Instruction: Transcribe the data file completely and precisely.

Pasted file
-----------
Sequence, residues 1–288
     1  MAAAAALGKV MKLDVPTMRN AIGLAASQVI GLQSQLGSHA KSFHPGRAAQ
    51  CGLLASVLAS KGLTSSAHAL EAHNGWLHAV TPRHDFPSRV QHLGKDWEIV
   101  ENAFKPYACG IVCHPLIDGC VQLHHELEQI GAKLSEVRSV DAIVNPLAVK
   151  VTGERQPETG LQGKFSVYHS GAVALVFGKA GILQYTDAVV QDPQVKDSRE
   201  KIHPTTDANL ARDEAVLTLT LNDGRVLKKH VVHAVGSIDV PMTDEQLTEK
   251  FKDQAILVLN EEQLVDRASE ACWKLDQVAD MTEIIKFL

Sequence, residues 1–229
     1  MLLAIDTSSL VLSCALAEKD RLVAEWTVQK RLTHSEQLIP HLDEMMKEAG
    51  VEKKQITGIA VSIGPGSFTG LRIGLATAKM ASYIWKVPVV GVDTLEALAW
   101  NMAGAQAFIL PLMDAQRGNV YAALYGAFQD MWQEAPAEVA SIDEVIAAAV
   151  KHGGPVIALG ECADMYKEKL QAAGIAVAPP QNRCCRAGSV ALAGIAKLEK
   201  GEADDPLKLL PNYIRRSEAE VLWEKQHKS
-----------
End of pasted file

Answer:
Sequence, residues 1–288
     1  MAAAAALGKV MKLDVPTMRN AIGLAASQVI GLQSQLGSHA KSFHPGRAAQ
    51  CGLLASVLAS KGLTSSAHAL EAHNGWLHAV TPRHDFPSRV QHLGKDWEIV
   101  ENAFKPYACG IVCHPLIDGC VQLHHELEQI GAKLSEVRSV DAIVNPLAVK
   151  VTGERQPETG LQGKFSVYHS GAVALVFGKA GILQYTDAVV QDPQVKDSRE
   201  KIHPTTDANL ARDEAVLTLT LNDGRVLKKH VVHAVGSIDV PMTDEQLTEK
   251  FKDQAILVLN EEQLVDRASE ACWKLDQVAD MTEIIKFL

Sequence, residues 1–229
     1  MLLAIDTSSL VLSCALAEKD RLVAEWTVQK RLTHSEQLIP HLDEMMKEAG
    51  VEKKQITGIA VSIGPGSFTG LRIGLATAKM ASYIWKVPVV GVDTLEALAW
   101  NMAGAQAFIL PLMDAQRGNV YAALYGAFQD MWQEAPAEVA SIDEVIAAAV
   151  KHGGPVIALG ECADMYKEKL QAAGIAVAPP QNRCCRAGSV ALAGIAKLEK
   201  GEADDPLKLL PNYIRRSEAE VLWEKQHKS